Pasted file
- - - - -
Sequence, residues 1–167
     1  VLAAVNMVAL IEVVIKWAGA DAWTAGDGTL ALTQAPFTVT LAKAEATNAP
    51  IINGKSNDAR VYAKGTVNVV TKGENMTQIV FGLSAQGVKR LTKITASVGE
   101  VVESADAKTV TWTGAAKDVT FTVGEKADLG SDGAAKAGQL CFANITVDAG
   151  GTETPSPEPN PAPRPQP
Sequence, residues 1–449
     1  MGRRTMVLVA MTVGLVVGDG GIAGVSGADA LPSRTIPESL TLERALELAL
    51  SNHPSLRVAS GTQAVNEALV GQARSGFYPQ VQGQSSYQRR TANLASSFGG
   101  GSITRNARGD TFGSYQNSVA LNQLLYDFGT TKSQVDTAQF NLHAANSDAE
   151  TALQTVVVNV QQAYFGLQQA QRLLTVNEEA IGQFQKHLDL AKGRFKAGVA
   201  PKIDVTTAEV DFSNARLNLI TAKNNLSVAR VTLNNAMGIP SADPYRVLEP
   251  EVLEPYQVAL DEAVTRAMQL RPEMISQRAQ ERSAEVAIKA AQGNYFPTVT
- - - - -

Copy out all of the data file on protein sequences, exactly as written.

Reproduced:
Sequence, residues 1–167
     1  VLAAVNMVAL IEVVIKWAGA DAWTAGDGTL ALTQAPFTVT LAKAEATNAP
    51  IINGKSNDAR VYAKGTVNVV TKGENMTQIV FGLSAQGVKR LTKITASVGE
   101  VVESADAKTV TWTGAAKDVT FTVGEKADLG SDGAAKAGQL CFANITVDAG
   151  GTETPSPEPN PAPRPQP
Sequence, residues 1–449
     1  MGRRTMVLVA MTVGLVVGDG GIAGVSGADA LPSRTIPESL TLERALELAL
    51  SNHPSLRVAS GTQAVNEALV GQARSGFYPQ VQGQSSYQRR TANLASSFGG
   101  GSITRNARGD TFGSYQNSVA LNQLLYDFGT TKSQVDTAQF NLHAANSDAE
   151  TALQTVVVNV QQAYFGLQQA QRLLTVNEEA IGQFQKHLDL AKGRFKAGVA
   201  PKIDVTTAEV DFSNARLNLI TAKNNLSVAR VTLNNAMGIP SADPYRVLEP
   251  EVLEPYQVAL DEAVTRAMQL RPEMISQRAQ ERSAEVAIKA AQGNYFPTVT